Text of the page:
The unthinkable ally
If the US were to extend an arm of friendship to the growing student movement in Iran
By Baha Hariri
April 9, 2003
Present day Iran looks and feels very different from twenty years ago. The streets are frequently flooded with student protesters demanding democracy. After September 11th, thousands of Iranians turned out at a candlelight vigil in Tehran -- making Iran the only Muslim nation to hold such an event.
Despite all this, Iran continues to be cold-shouldered by the Bush Administration. At the same time we remain close allies with Saudi Arabia, one of the most corrupt and oppressive monarchies in the region.
SOURCE - http://www.iranian.com/Opinion/2003/April/Iran/
From CNN: Former hostages allege Iran's new president was captor.
The White House said Thursday it is taking seriously the allegations by former hostages that Iran's hardline president-elect, Mahmoud Ahmadinejad, was one of their captors at the U.S. Embassy in Tehran a quarter century ago.
SOURCE - http://www.coxandforkum.com/archives/2005_06.html
Former hostages allege Iran's new president was captor
Takeover leader: Ahmadinejad 'absolutely' not involved
Thursday, June 30, 2005; Posted: 6:20 p.m. EDT (22:20 GMT)
NEW YORK (CNN) -- The White House said Thursday it is taking seriously the allegations by former hostages that Iran's hardline president-elect, Mahmoud Ahmadinejad, was one of their captors at the U.S. Embassy in Tehran a quarter century ago.
President Bush told foreign reporters he has "no information, but obviously his involvement raises many questions."
"As soon as I saw the face, it rang a lot of bells to me," Don Sharer, who served as the embassy's naval attache at the time, told CNN.
"...Take 20 years off of him. He was there. He was there in the background, more like an adviser."
Abbas Abdi, the man well-known to be the leader of the 1979 hostage-takers, told CNN that Ahmadinejad, the Tehran mayor, "absolutely was not" part of the event that involved the captivity of 52 people.
Abdi later became a supporter of reformist President Mohammed Khatami and was recently released from jail for advocating closer ties with the United States.
Iranian officials also deny Ahmadinejad was involved.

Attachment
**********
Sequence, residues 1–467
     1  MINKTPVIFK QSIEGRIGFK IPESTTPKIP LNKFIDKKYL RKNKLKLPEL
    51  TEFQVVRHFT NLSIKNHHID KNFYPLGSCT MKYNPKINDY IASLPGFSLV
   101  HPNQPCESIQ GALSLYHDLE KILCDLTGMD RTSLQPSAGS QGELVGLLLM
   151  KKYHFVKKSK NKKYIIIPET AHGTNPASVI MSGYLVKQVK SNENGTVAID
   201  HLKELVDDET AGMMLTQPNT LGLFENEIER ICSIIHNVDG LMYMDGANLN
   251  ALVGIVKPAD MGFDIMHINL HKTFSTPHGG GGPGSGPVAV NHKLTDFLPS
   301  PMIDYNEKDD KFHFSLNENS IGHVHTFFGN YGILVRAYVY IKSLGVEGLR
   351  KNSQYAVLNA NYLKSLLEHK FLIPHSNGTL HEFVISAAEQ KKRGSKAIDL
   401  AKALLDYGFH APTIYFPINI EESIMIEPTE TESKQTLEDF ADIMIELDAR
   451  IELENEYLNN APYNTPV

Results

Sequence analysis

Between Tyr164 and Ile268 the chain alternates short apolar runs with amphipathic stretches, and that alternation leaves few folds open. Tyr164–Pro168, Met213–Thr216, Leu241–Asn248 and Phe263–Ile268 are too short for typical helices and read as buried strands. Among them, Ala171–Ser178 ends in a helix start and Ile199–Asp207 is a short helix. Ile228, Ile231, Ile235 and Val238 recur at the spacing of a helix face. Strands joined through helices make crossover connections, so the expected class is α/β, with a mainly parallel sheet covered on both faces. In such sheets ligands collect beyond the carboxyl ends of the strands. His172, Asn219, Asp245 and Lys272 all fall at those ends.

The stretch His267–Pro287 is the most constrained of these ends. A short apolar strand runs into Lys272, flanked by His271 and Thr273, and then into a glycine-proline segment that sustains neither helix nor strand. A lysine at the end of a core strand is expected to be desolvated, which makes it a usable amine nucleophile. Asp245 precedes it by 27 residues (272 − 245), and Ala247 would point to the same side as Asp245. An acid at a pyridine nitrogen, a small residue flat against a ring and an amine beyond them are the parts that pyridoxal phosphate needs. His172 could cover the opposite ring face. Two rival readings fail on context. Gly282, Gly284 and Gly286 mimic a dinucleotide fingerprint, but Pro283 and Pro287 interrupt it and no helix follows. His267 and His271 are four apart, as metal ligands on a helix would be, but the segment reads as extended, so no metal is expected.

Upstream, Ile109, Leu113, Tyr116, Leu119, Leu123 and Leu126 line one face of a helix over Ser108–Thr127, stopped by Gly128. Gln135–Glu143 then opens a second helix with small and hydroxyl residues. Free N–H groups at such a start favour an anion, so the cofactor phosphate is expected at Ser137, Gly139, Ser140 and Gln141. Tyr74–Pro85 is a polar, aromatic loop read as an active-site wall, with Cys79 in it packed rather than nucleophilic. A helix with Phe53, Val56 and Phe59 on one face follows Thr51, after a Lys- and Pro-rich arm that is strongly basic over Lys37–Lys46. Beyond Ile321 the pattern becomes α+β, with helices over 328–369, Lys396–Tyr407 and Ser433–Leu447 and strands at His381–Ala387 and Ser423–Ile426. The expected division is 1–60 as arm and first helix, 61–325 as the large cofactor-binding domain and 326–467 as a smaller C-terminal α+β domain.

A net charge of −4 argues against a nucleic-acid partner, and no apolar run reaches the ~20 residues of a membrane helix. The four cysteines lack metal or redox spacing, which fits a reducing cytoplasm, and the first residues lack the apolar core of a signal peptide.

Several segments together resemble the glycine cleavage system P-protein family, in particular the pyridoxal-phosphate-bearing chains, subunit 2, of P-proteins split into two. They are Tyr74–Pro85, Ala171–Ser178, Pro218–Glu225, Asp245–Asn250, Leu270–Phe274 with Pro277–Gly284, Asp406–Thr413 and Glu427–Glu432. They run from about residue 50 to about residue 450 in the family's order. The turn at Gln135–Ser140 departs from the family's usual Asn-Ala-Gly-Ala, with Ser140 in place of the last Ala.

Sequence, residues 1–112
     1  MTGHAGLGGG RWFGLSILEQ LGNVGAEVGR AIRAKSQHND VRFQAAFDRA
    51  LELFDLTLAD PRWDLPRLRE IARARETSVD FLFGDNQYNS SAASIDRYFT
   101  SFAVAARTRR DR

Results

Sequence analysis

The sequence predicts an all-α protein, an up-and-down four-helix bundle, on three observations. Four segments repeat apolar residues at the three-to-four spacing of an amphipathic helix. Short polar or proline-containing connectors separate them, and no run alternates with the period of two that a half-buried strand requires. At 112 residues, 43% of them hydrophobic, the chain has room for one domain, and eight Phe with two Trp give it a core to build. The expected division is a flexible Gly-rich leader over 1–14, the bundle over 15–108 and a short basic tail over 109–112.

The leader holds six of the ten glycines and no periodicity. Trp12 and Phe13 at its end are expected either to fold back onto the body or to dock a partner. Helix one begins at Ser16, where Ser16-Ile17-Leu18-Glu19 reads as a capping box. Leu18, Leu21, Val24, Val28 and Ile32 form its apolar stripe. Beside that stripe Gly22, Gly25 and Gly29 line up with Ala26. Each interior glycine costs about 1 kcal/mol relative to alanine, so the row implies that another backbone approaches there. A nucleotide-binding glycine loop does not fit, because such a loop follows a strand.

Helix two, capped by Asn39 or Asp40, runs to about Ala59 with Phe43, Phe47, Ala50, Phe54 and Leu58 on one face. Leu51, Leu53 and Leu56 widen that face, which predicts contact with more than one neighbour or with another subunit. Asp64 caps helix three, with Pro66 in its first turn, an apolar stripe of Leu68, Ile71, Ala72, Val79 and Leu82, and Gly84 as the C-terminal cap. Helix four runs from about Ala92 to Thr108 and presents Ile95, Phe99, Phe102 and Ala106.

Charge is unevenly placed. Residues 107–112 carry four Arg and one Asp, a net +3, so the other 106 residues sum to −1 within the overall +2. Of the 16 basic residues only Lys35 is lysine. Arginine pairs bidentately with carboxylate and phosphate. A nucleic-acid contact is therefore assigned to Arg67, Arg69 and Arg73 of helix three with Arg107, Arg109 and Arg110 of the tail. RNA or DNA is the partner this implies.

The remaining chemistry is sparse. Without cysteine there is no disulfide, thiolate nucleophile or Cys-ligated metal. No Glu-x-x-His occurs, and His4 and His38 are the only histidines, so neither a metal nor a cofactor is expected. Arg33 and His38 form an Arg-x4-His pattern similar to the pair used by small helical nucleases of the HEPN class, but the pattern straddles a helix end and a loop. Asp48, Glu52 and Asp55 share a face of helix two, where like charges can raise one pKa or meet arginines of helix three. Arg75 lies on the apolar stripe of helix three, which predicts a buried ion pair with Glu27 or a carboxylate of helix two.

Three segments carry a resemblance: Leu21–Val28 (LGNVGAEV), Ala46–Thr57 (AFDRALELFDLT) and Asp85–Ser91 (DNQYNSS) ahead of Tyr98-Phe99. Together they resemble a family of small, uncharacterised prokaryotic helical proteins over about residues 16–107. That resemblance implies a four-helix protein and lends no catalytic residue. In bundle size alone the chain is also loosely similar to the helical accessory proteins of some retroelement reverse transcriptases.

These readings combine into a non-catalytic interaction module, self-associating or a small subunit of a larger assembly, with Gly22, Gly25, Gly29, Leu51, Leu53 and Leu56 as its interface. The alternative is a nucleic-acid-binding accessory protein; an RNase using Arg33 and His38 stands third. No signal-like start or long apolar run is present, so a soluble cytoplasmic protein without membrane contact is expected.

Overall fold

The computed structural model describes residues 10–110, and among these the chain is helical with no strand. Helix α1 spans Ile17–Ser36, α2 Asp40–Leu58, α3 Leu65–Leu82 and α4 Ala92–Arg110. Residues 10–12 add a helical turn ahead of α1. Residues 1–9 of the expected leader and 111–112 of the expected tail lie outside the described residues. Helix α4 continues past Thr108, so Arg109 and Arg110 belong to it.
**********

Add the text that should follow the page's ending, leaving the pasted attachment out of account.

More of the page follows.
The November 4, 1979, embassy takeover followed protests demanding that the United States return the Shah of Iran to Tehran for trial. He had been overthrown by the Islamic revolution 11 months prior and was receiving cancer treatment in New York at the time.
The embassy seizure lasted 444 days and resulted in a botched rescue mission that left eight U.S. soldiers dead and the severance of U.S.-Iranian ties ever since.
[Ed note: two out of three photos available for this story were "disappeared" or "Orwellized" from the CNN/CIA site, possibly to a secret prison on our secretive Prison Planet. I can't "copy and paste" the remaining text below the missing photos either, but suffice it to say that former hostages Charles "Chuck" Scott and William J. Daugherty are sorely missed...]
CNN/CIA SOURCE - http://www.cnn.com/2005/WORLD/meast/06/30/iran.president/index.html
Peace by peace...
Black Krishna Brand
Philosophy - http://blackkrishna.blogspot.com/
Music - http://www.soundclick.com/bands/0/blackkrishna.htm
BONUS: The truth shall set oil of us free...
The Next War - Crossing the Rubicon
by John Pilger
Friday 10 February 2006
"Next month, Iran is scheduled to shift its petrodollars into a euro-based bourse. The effect on the value of the dollar will be significant, if not, in the long term, disastrous. At present the dollar is, on paper, a worthless currency bearing the burden of a national debt exceeding $8trn and a trade deficit of more than $600bn. The cost of the Iraq adventure alone, according to the Nobel Prize-winning economist Joseph Stiglitz, could be $2trn. America's military empire, with its wars and 700-plus bases and limitless intrigues, is funded by creditors in Asia, principally China.Will the newly emboldened Labor MPs pursue this? Will they ask what the British army based in nearby Basra - notably the SAS - will do if or when Bush begins bombing Iran? With control of the oil of Khuzestan and Iraq and, by proxy, Saudi Arabia, the US will have what Richard Nixon called "the greatest prize of all."
That oil is traded in dollars is critical in maintaining the dollar as the world's reserve currency. What the Bush regime fears is not Iran's nuclear ambitions but the effect of the world's fourth-biggest oil producer and trader breaking the dollar monopoly. Will the world's central banks then begin to shift their reserve holdings and, in effect, dump the dollar? Saddam Hussein was threatening to do the same when he was attacked.
While the Pentagon has no plans to occupy all of Iran, it has in its sights a strip of land that runs along the border with Iraq. This is Khuzestan, home to 90 per cent of Iran's oil. "The first step taken by an invading force," reported Beirut's Daily Star, "would be to occupy Iran's oil-rich Khuzestan Province, securing the sensitive Straits of Hormuz and cutting off the Iranian military's oil supply." On 28 January the Iranian government said that it had evidence of British undercover attacks in Khuzestan, including bombings, over the past year.
SOURCE - http://100777.com/node/1536